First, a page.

CHARLESTON, W.Va. -- Federal regulators issued more than 300 more violations last month during inspection sweeps of the nation's underground coal mines, as the Obama administration continued what it said is stepped-up enforcement following the April deaths of 29 miners in an explosion at Massey Energy's Upper Big Branch Mine.
U.S. Mine Safety and Health Administration inspectors issued 326 citations and orders at 15 mines in West Virginia and eight other states, with nearly half of those being classified as serious violations.
MSHA also took 232 enforcement actions at 15 metal and nonmetal mines, mostly in Western states including California and Nevada.
"We are continuing to find serious threats to miners' safety and health," said Joe Main, assistant labor secretary for MSHA. "While some operators are finally getting the message, others are not."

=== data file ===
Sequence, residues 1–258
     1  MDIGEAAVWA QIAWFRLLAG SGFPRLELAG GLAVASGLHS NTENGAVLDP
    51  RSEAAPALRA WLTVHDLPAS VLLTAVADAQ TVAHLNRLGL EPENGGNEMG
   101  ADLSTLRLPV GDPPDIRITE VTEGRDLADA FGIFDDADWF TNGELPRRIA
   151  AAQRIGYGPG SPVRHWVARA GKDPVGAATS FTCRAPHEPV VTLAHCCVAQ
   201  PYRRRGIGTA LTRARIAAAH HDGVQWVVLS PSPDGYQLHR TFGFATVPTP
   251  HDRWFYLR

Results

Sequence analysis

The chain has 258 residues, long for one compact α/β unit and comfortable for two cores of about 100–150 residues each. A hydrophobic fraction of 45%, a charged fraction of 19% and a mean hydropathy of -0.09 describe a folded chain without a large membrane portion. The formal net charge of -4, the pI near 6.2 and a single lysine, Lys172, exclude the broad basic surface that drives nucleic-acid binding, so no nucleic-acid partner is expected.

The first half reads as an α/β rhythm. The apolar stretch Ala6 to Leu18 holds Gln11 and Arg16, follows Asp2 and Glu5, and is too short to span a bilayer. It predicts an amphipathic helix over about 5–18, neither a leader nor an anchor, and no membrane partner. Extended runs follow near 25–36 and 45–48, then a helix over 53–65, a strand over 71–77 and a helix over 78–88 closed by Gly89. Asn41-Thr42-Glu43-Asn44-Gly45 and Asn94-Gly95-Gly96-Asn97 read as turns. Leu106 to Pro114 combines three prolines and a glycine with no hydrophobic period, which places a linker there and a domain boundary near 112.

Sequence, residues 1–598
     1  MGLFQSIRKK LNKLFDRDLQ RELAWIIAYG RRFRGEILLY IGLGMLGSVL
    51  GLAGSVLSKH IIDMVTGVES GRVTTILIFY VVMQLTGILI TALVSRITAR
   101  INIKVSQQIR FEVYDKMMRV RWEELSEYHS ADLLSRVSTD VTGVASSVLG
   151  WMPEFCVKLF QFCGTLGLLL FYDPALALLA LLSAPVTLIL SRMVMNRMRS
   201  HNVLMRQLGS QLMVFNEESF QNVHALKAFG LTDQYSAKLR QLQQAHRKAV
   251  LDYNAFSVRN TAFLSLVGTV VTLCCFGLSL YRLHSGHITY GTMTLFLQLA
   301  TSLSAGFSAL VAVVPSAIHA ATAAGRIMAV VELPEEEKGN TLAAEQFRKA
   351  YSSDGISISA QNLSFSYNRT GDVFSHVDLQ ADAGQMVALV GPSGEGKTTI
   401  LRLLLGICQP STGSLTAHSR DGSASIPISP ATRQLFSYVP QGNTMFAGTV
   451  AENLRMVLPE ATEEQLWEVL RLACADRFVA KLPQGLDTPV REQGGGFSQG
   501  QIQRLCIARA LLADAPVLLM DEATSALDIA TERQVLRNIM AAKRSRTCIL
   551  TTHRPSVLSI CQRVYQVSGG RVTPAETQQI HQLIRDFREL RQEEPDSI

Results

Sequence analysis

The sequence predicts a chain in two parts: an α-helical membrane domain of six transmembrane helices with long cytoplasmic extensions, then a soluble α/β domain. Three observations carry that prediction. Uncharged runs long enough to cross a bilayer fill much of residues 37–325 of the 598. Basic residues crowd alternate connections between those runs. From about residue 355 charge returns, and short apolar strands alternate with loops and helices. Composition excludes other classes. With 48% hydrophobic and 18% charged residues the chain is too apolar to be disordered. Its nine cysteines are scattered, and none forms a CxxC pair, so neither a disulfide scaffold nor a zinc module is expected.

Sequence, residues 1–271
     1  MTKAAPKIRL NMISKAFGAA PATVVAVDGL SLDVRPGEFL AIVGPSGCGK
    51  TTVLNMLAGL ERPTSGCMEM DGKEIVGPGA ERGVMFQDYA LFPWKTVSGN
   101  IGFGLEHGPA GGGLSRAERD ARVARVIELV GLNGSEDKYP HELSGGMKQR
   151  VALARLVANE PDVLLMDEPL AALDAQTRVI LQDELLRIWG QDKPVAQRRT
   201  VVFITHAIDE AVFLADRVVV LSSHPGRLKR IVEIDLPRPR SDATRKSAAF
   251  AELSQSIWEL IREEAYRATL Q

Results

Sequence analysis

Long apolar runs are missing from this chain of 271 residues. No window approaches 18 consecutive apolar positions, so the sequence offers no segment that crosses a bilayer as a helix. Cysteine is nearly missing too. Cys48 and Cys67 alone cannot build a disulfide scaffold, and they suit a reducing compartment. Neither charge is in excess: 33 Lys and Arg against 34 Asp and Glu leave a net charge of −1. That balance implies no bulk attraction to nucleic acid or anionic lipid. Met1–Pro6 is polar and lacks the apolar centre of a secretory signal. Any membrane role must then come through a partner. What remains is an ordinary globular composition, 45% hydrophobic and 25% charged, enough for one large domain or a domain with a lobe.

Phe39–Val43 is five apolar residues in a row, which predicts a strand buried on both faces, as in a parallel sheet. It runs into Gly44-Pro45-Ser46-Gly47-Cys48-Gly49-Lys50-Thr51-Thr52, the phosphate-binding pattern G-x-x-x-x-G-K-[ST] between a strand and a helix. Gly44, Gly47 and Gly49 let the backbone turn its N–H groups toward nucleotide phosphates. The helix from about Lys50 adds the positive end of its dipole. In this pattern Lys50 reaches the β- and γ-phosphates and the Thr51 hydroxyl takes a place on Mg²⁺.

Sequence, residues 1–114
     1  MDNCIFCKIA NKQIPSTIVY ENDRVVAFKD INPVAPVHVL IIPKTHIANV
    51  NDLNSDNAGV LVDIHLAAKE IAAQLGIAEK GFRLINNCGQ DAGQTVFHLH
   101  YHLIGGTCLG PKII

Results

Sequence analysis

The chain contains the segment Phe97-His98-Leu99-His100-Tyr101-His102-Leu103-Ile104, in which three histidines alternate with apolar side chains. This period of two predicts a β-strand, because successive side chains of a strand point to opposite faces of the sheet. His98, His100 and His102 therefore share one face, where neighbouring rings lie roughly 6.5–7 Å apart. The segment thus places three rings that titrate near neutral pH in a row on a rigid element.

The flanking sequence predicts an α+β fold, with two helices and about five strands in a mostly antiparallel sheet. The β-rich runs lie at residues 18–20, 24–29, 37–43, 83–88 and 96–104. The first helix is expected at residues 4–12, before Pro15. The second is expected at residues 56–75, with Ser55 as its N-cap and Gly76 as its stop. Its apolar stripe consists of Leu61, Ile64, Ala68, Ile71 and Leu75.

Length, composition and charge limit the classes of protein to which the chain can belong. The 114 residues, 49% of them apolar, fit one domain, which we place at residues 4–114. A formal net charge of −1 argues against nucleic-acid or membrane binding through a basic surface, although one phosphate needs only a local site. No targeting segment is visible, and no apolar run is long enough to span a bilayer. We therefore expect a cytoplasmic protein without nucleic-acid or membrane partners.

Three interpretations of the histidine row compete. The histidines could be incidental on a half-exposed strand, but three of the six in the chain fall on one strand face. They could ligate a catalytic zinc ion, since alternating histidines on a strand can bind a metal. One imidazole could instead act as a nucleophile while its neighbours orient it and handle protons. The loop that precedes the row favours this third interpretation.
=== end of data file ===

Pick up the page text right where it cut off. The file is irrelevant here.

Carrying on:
In a news release, MSHA noted Massey subsidiary Elk Run Coal Co.'s Seng Creek Powellton Mine, where agency inspectors in late September issued 11 closure orders alleging ventilation violations the agency said could lead to mine explosions and black lung disease.
Main, a former United Mine Workers safety director, launched what MSHA calls "impact inspections" after Upper Big Branch, to target mining operations with a poor compliance history, high number of accidents, and previous violations related to poor ventilation or faulty roof conditions.
Impact inspections in September also produced 60 citations and enforcement orders at three other Massey operations, the Triumph and Freedom Energy mines in Kentucky and the Marsh Fork Mine in West Virginia.
Less than a half-hour after MSHA's Tuesday announcement, Massey said it plans to shut down all of its underground mines for the day on Oct. 29 for a day of training and to "reinforce the fact that safety is more important than production."